an blog | AJBlog Central | Contact me

ICYMI: Art Is Better Than…

Sex, food, drugs, art–are they all the same? Do they provide the same kind of pleasure and engagement? No, says Julia F. Christensen, a neuroscientist at the Warburg Institute, University of London. She says–and I seriously hope she is correct–that art engages the brain in a special way that can “help overwrite the detrimental effects […]

What Can Augmented Reality Do For Museums?

I tend to me a bit skeptical about the use of technology in museums. But on a recent visit to Denver, I stopped in at the Clyfford Still Museum to see Still & Art, which puts augmented reality to an interesting use. The Still has an issue in that it is a single-artist museum that […]

Artificial Intelligence Invades The Museum and Art Worlds

“It’s a massively ambitious project.” That is Tony Guillan, a multimedia producer for the Tate museum, in the U.K, speaking. Guillan manages the IK PRize, which the Tate Britain has awarded for the last few years to projects that use digital technology in an innovative way to promote the exploration of art at the Tate Britain […]

Whitney’s New Collection Database: The Good And The Requested

In the runup to its move downtown this spring (to the building at right), the Whitney Museum just announced an expanded online database of its permanent collection. It’s grown from 700 works of art to more than 21,000 by some 3,000 artists–“spanning all mediums—painting, sculpture, film, video, photography, works on paper, installation, and new media.” […]

On The Art Movie Docket: Matisse and…

“Matisse From Tate Modern and MoMA” is the latest of Exhibition on Screen’s movies about art exhibitions to open here in the U.S. It’s a one-night only event on Jan. 13 at theaters nationwide. Fathom Events is the distributor, and you can find out where it is nearest you right here. The movie is 90 […]

Freer-Sackler Digitization Project: A Modest Suggestion

The other day, the Freer and Sackler Galleries of the Smithsonian announced that it had digitized its entire collection and was putting it all online for all to see and use–with more than 90 percent of the images in high-definition resolution and without copyright restrictions for noncommercial uses–as of Jan. 1, 2015. This is good news, […]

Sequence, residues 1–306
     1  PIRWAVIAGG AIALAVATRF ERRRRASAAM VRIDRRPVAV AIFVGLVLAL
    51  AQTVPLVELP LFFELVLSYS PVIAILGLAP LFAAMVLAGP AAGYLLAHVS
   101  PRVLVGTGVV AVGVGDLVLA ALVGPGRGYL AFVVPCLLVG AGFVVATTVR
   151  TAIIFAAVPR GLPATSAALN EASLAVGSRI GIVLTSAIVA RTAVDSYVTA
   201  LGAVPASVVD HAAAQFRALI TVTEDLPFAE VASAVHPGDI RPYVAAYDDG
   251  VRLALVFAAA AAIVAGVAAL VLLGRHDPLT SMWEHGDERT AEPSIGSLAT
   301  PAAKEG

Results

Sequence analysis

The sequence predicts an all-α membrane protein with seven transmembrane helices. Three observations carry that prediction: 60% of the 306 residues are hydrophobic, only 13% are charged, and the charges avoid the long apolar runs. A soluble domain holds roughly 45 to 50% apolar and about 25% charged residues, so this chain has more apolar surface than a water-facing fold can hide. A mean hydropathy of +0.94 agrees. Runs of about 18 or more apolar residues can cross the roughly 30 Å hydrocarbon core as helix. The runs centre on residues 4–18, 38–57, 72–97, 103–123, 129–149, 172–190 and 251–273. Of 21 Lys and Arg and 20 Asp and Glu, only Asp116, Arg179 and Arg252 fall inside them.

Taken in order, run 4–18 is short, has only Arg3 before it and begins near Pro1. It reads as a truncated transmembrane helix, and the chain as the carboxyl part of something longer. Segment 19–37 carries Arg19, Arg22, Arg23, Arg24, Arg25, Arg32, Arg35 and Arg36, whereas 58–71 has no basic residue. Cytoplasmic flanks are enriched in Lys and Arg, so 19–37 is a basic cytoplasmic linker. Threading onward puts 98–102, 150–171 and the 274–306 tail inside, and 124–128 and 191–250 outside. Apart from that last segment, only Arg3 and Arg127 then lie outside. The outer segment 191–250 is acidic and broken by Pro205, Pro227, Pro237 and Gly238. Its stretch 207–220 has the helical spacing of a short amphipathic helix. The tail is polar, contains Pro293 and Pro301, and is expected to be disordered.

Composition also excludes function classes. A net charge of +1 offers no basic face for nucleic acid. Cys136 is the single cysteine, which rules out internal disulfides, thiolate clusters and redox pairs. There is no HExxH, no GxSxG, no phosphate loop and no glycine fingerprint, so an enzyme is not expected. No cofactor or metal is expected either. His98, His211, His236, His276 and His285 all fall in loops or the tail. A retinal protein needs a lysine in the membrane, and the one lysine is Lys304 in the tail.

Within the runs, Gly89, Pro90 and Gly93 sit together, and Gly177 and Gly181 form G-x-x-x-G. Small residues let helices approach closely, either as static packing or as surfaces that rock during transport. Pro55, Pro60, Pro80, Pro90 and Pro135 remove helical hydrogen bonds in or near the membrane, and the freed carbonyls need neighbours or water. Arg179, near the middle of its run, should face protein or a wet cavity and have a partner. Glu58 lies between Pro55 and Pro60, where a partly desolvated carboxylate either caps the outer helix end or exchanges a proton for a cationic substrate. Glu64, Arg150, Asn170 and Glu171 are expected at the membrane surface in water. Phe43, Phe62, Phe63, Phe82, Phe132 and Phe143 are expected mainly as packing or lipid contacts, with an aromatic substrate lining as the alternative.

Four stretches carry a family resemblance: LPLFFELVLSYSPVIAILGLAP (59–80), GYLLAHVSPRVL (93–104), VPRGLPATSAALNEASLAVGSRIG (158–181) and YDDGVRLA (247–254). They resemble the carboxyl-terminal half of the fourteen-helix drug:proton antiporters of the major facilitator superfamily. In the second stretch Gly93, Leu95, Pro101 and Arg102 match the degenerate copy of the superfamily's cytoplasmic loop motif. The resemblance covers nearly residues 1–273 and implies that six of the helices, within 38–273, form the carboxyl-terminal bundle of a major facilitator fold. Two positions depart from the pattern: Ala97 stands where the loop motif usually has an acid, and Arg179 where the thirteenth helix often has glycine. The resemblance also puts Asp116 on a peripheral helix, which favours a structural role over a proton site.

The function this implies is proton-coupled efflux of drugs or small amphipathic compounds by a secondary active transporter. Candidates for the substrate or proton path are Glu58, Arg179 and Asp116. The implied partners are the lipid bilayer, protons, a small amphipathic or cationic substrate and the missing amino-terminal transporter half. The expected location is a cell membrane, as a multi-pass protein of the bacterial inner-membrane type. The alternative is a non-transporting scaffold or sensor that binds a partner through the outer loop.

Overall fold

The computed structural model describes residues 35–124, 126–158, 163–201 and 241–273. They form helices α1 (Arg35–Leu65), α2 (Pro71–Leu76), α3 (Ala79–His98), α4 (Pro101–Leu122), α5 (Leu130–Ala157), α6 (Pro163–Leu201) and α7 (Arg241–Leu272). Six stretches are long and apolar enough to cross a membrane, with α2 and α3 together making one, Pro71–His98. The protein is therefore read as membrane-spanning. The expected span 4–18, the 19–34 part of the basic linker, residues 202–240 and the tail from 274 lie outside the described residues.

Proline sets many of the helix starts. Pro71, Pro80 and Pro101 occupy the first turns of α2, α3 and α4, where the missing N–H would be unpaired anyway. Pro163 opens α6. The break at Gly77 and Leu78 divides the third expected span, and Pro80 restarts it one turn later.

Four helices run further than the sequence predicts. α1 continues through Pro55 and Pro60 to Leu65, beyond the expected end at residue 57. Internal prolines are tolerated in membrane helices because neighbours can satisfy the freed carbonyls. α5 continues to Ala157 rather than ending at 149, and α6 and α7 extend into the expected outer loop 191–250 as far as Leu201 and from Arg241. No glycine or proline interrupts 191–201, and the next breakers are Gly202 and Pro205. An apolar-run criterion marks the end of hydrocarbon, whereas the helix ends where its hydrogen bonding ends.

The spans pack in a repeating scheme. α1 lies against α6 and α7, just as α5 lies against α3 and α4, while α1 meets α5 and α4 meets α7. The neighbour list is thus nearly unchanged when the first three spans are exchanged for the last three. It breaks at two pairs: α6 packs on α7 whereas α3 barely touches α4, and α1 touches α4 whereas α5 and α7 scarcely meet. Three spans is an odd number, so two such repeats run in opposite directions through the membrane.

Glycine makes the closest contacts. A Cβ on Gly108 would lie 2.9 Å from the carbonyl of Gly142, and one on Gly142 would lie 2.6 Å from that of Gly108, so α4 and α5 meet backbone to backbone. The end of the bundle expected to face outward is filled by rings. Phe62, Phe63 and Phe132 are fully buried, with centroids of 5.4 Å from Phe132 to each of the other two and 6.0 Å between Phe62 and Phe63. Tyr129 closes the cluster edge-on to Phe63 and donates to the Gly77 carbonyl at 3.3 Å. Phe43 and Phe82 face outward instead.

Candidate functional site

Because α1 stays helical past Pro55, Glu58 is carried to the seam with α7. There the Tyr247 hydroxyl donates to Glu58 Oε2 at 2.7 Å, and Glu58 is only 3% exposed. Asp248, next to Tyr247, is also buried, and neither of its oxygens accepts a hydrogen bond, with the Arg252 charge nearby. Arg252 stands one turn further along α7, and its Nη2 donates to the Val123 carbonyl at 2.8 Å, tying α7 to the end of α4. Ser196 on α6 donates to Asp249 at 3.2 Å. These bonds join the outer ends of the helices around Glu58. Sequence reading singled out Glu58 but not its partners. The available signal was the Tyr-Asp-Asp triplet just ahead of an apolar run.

No Other Word For It: Fundraising Failure

The Phillips Collection crowdsourcing effort, an attempt to raise $45,000 in a month to support a website abut Jacob Lawrence, has failed miserably. When the drive ended on Dec. 10, only $2,988–a mere 7 percent of the goal–had been pledged. And that took 41 supporters, for an average contribution of about $73. All of the […]

NPG Effort Raises Good Question Re: Crowdsourcing

About six weeks ago–and I missed it–the National Portrait Gallery started a crowd-sourcing initiative called Recognize that pitted three works in the collection against one another and asked the public to choose one. The other day, the Washington Post raised questions about it–appropriately, I think. The whole exercise seemed, my words not the Post’s, like […]

Does Crowdfunding Work? Not So Far

Back on Nov. 6, the Phillips Collection sent me an email about a worthy effort: it had started a crowd-funding campaign for a micro-website about Jacob Lawrence. It would feature “unpublished interviews between the artist and museum curators in 1992 and 2000, including one conducted just prior to the artist’s death.” The point, obviously, was […]

Museums “Adapt To the Digital Age” But…

All in all, I thought the lead article in Sunday’s NYTimes special section on the visual arts–Museums Morph Digitally–was good (it was written by my friend, Steve Lohr), though I wasn’t crazy about the line that ” museum curators and administrators …talk of …the importance of a social media strategy and a “digital first” mind-set.” Maybe […]

an ArtsJournal blog